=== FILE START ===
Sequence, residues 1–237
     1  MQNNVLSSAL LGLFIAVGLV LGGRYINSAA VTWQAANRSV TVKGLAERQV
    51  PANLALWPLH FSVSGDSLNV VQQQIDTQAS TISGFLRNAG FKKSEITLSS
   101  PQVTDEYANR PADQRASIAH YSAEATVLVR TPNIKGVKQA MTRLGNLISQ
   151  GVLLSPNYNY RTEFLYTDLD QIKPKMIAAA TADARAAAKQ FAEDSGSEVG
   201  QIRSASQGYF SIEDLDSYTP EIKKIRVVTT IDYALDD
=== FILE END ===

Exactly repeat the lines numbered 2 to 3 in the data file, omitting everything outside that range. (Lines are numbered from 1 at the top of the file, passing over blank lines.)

     1  MQNNVLSSAL LGLFIAVGLV LGGRYINSAA VTWQAANRSV TVKGLAERQV
    51  PANLALWPLH FSVSGDSLNV VQQQIDTQAS TISGFLRNAG FKKSEITLSS